For my dissertation project, I hope to trace the stories of Tamil drama artists, as they traveled, performed, and lived between 20th century Madras Presidency, Ceylon, and British Malaya. This winter, I went on a research trip to Madurai and Chennai, Tamil Nadu, to understand the infrastructures that supported these artists’ travels, as well as the kinds of performances they held abroad.
Category : Students
The Crossroads Emerging Leaders Program began in 2017, a joint effort between the Harvard Business School Club of the GCC, HBS Professors Tarun Khanna and Karim Lakhani, and the Mittal Institute. This year, the Crossroads Emerging Leaders Program received 6,093 total applications from 97 countries spanning the Middle East, Africa, Central Asia, Latin America, South Asia, and US students at Historically Black Colleges and Universities (HBCU).
With the support of the Winter Travel Grant, I traveled through Bangladesh for over 30 days during December 2019 and January 2020. I was accompanied by my research partner, John David Wagner, an Irving Innovation Fellow at Harvard’s Graduate School of Design. During our trip, we carried out extensive field research in Bangladesh to inquire if the very nature of the spatial quality of refugee camps contributes to keeping the inhabitants of these urban dwellings marginalized for many generations.
Each month, the Mittal Institute’s Graduate Student Associates (GSAs) meet to discuss their latest work on South Asia, spanning various disciplines — from politics to religion and the arts — and providing feedback on one another’s dissertations, articles, and more. Led by Head Graduate Student Associates Aiden Milliff (Ph.D. Candidate in Political Science, MIT), Blair Read (Ph.D. Candidate in Political Science, MIT), and Akshay Dixit (Ph.D., Political Economy, Harvard), the group of about 20 members from schools across Boston provide support and new insights to one another as they work through their studies.
Over the last three weeks of my winter vacation, I traveled to Hindu temples throughout South India, with the goal of understanding the inspirations and motivations that drove musicians to compose about the idols worshipped at these establishments. Starting from the Eastern temple city of Kanchipuram, Tamil Nadu, I snaked along the Eastern coast of the Indian peninsula, ultimately arriving to the country’s southern tip at Kanyakumari, before continuing through the hill stations of Kerala and ending at Guruvayur, Kerala.
Alexis Brown is a doctoral student at Harvard University, who recently traveled to Sri Lanka over the winter break to perform field research for her dissertation, centered on a Buddhist narrative anthology entitled Rasavahini, written in medieval Sri Lanka. As Brown notes, “the Rasavahini is considered one of the most important works among post-canonical Pali literature in Sri Lanka, as well as Thailand, Burma, and Laos. Despite the Rasavahini’s importance in South and Southeast Asia, relatively little scholarship has been published on it.”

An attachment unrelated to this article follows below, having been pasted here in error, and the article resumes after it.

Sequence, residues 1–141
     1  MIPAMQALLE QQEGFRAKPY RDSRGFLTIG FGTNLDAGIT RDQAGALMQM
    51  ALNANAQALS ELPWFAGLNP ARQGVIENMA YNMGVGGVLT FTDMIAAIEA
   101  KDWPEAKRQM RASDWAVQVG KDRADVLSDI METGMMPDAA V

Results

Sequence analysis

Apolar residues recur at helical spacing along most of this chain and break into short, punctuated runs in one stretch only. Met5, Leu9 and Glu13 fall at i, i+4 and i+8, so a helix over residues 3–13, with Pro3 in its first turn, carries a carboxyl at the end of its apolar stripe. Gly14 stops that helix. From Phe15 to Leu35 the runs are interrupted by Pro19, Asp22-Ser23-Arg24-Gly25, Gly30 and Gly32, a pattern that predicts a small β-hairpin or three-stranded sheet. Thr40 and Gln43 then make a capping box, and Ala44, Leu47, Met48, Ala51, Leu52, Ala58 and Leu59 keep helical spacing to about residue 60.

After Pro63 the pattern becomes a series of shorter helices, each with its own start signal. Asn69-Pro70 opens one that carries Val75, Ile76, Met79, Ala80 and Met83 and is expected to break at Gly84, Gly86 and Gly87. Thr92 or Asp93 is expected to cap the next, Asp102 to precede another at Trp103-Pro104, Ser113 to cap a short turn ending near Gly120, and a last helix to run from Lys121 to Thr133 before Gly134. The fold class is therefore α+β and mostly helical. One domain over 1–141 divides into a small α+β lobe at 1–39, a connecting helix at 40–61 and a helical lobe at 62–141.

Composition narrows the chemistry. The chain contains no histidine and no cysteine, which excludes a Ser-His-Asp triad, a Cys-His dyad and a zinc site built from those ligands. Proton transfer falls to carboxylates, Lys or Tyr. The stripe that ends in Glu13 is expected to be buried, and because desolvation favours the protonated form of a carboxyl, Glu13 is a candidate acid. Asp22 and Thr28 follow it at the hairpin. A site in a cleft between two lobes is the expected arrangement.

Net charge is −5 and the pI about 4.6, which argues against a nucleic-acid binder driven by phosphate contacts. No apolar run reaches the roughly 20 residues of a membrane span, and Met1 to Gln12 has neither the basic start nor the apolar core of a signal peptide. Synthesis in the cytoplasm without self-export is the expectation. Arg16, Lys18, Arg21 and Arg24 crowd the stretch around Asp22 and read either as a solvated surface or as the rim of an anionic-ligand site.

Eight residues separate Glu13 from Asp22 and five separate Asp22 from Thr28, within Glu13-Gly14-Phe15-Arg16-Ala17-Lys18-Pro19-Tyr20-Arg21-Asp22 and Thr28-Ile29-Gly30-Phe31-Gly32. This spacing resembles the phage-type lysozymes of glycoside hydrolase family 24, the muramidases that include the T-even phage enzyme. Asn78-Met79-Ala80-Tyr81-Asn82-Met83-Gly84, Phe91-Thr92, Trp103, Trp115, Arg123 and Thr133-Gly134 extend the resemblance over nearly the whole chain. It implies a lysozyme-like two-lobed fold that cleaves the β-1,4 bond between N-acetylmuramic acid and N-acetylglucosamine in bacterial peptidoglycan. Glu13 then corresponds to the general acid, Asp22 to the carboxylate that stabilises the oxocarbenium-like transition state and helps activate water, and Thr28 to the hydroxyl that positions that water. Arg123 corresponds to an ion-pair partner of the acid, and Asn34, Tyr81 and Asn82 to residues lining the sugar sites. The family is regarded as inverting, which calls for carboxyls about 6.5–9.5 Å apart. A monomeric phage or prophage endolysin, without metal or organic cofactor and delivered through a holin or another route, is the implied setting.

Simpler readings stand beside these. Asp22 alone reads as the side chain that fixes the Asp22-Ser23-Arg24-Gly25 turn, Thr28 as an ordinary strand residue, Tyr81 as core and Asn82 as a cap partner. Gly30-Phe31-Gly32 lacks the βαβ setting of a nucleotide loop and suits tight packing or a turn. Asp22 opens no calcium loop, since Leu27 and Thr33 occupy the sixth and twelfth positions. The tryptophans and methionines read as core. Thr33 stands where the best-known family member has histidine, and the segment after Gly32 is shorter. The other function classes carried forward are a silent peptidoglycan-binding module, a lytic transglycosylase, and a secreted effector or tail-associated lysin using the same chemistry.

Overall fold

Through the Mittal Institute’s South Asia and the Arts Travel Fund, I traveled to Vadodara, Gujarat and Mumbai, Maharashtra in India to conduct research for my qualifying paper, a requirement in the History of Art and Architecture Department at Harvard University. My qualifying paper explores the conception of the mother-child motif in ancient India within Hindu, Buddhist, and Jain traditions, and expands on the function and role of these goddesses and the similarities and differences in their worship.
A seven-member delegation from Harvard College recently visited the Indian state of Manipur to conduct the second iteration of the Program for Scientifically Inspired Leadership (PSIL), a program that would encourage local high school students and college-level teaching assistants in a Western-style education format.
The digital version of the Mittal Institute’s 2018-2019 Student Grant Report has just been released! The report highlights the recipients of the Mittal Institute’s Winter 2018 and Summer 2019 student grants, who traveled all over South Asia to learn about everything from conservation in post-colonial India to the transformation of South Asian foodways.
The Lakshmi Mittal and Family South Asia Institute is seeking a Communications Intern for the Spring 2020 semester! The Institute engages in interdisciplinary research to deepen the understanding of critical issues in South Asia, and the Communications team promotes its events, programs and research through various forms of multimedia content. We’re looking for an intern who can assist with the creation of posters for the various events hosted by the Institute.
The Crossroads Emerging Leaders Program began in 2017, a joint effort between the Harvard Business School Club of the GCC, HBS Professors Tarun Khanna and Karim Lakhani, and the Mittal Institute. This year, the Crossroads Emerging Leaders Program received 6,093 total applications from 97 countries spanning the Middle East, Africa, Central Asia, Latin America, South Asia, and US students at Historically Black Colleges and Universities (HBCU). Of the candidates, 4,263 were selected to move onto the next round, which consisted of a fully funded selection of interdisciplinary courses offered online on HarvardX through Crossroads’ partnership with edX.
Each year, the Mittal Institute holds the Seed for Change competition, welcoming student projects that impact societal, economic, and environmental issues in India and Pakistan. Our latest digital report on the program is out now, highlighting the work of the winning teams. Click here to read it!